Google “Edward the Confessor” and you’ll get page after page of links to biographies of this 11th-century English king, to Westminster Abbey, which he founded and where he is buried, and to the Magna Carta, which was partly inspired by laws enacted during his 24-year reign.
But a completely digitized manuscript of the oldest surviving Anglo-Norman history of the king does not turn up — at least on the first 20 search pages — even though Cambridge University painstakingly scanned the sumptuously illustrated manuscript in 2003.
That history, “The Life of King Edward the Confessor,” probably written by a Benedictine monk named Matthew Paris sometime between 1250 and 1260, is not alone. Somewhere between 5,000 and 10,000 rare and precious medieval manuscripts have been scanned over the past decade into formats that could be studied over the Internet if only scholars knew they existed and knew where to find them.
“Searching for medieval manuscripts gets you millions of hits, most of which have nothing to do with manuscripts, and when they do, they usually feature only images of a single page rather than the entire book,” said Matthew Fisher, an assistant professor of English at UCLA. “Since finding these great projects is so tough, they’re functionally invisible.”
Fisher set out two years ago to remedy the situation. With the assistance of two graduate students in English, a computer developer from UCLA’s Center for Digital Humanities and Christopher Baswell, a former UCLA professor of English, Fisher decided to collect links to every manuscript from the eighth to the 15th century that had been fully digitized by any library, archive, institute or private owner anywhere in the world.
In December 2008, the group launched the initial results. The UCLA-based Catalogue of Digitized Medieval Manuscripts now links to nearly 1,000 manuscripts by 193 authors in 20 languages from 59 libraries around the world, allowing users to flit from England to France to Switzerland to the United States — to name the locations of just a few of the featured repositories — with the click of a mouse.
Highlights of the virtual holdings include:
- The largest surviving collection of the works of Christine de Pizan, one of the first women in Europe to earn a living as a writer. The manuscript was commissioned by Queen Isabeau of France in 1414 and is now held by the British Library.
- An Irish copy of the Gospel of John, bound in ivory and presented to Charlemagne sometime around 800, now in the library of the monastery of St. Gall in Switzerland.
- The Junius manuscript, one of only four major manuscripts preserving poetry in Old English. Dated to around 1000, the book is now among the holdings of Oxford’s Bodleian Library.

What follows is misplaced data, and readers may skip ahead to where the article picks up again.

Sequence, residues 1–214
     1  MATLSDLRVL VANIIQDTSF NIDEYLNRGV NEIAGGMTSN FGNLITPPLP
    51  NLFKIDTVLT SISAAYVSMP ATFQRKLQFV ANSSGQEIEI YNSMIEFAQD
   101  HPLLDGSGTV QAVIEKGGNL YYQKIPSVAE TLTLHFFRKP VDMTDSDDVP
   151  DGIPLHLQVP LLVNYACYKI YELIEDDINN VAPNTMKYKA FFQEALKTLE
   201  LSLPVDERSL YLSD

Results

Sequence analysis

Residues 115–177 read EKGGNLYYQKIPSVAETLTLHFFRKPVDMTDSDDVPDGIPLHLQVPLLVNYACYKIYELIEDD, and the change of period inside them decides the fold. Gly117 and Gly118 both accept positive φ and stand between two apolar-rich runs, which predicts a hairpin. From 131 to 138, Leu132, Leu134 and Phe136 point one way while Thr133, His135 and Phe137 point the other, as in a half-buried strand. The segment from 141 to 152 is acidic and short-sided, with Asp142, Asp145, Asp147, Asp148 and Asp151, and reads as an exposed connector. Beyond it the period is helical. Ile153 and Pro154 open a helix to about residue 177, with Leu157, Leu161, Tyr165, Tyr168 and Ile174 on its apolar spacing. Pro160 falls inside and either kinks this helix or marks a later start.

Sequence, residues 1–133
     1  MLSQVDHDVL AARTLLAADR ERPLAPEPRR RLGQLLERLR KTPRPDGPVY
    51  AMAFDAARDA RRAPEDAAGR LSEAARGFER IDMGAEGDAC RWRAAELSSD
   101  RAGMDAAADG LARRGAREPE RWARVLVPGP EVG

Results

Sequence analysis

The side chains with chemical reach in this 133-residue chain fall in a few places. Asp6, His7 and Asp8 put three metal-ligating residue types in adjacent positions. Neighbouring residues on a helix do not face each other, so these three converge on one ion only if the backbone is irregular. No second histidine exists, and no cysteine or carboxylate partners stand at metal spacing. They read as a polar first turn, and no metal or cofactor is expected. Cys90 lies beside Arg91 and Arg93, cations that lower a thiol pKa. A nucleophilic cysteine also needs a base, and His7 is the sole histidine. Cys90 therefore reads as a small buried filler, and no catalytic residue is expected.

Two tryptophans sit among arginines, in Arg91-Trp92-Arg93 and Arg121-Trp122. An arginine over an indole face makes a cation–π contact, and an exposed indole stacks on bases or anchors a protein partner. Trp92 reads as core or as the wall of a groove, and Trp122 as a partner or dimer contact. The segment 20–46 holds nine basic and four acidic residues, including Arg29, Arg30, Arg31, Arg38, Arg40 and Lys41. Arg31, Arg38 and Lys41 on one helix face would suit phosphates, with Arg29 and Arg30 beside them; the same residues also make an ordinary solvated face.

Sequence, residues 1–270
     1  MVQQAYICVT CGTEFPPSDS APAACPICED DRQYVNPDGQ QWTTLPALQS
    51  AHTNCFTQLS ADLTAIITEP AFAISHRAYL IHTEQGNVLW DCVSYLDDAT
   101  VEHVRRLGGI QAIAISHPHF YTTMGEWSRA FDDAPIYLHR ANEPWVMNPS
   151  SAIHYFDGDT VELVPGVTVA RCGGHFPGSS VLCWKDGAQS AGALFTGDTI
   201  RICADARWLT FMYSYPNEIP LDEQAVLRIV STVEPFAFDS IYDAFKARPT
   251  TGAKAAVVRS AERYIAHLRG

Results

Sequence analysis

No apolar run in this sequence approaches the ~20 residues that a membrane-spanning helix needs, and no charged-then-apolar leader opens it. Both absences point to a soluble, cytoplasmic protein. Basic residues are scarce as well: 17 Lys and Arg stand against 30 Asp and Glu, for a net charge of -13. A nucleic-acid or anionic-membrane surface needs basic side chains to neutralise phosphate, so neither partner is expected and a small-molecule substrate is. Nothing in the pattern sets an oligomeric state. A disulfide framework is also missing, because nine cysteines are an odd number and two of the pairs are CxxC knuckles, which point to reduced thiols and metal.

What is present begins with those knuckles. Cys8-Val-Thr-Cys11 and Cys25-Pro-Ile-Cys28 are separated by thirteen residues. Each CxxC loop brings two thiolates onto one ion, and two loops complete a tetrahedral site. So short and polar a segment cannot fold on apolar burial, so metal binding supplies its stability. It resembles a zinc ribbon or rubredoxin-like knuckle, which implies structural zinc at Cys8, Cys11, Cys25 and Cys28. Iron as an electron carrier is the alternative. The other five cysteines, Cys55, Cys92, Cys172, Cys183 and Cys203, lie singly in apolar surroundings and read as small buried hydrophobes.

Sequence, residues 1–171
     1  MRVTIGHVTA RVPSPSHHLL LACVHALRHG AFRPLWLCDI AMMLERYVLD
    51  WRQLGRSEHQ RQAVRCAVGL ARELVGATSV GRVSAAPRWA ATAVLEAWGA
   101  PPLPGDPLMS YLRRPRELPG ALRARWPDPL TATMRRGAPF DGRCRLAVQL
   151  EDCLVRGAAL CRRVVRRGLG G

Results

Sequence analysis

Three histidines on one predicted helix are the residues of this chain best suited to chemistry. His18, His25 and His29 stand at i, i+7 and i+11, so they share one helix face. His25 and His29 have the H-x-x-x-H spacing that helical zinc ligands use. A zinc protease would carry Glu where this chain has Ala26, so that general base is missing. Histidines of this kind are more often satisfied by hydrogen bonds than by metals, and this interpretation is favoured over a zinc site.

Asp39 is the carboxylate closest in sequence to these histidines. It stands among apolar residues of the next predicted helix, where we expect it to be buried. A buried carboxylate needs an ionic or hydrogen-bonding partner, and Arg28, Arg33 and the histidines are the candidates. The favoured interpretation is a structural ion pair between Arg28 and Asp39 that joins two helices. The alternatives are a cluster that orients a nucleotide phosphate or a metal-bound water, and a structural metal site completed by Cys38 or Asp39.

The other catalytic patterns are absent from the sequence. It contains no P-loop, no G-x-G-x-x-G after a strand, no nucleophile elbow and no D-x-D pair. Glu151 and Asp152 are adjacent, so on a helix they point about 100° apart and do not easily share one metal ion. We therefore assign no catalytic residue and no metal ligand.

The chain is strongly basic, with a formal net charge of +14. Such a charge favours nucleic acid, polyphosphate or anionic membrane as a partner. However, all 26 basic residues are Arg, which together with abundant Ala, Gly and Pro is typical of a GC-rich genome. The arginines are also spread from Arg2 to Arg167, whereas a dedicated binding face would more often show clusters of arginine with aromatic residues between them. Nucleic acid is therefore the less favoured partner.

- “Because these manuscripts are so old and fragile, libraries are digitizing them, but you can’t find them,” Fisher said. “We’re completing the step of making them accessible to the world.”
Employing a Web application designed by the Center for Digital Humanities, which promotes the use of computer technology in humanities research and instruction, the Catalogue of Digitized Medieval Manuscripts allows users to search for manuscripts according to their author, title, language and archiving institution.
In its first three weeks of operation, the site had almost 5,000 visitors from Australia, England, France, Italy, Germany, Spain, the Netherlands, Sweden, Switzerland, Austria, Canada and all over the United States. In addition to librarians and academics, the site has been visited by hobbyists from such groups as the Society for Creative Anachronism.
“The chorus of response has been, ‘Thank you,'” said Fisher, who joined UCLA’s faculty in 2006. “‘We needed this.'”
That’s music to Fisher’s ears. A member of a new generation of scholars who cut their teeth in the San Francisco Bay Area during the dot-com era, the Los Angeles native is motivated by a commitment to democratize access to some of the world’s most exclusive repositories.
“The price of admission shouldn’t be a plane ticket to a library in Europe or even Australia,” he said. “These documents are part of the world’s cultural patrimony. Everybody should have access.”
So far, the effort has been funded by UCLA’s Center for Medieval and Renaissance Studies and the University of California’s Humanities Research Institute, a multicampus center designed to promote collaborative and interdisciplinary humanities research. But Fisher hopes eventually to get outside funding to speed up the process. He also hopes that libraries will start taking notice of the effort and revamp their cataloging procedures to make it easier to ferret out and link to newly digitized manuscripts.
“Now that UCLA has delivered the solution, it’s time to get everybody involved,” Fisher said.
Ultimately, he envisions including every medieval manuscript that has been digitized it its entirety.
“We’ll never replace the joy of sitting down with an 800-year-old book,” he said, “but we will bring the wonder of these manuscripts to people who might never experience them otherwise.”
[Meg Sullivan @ University of California – Los Angeles]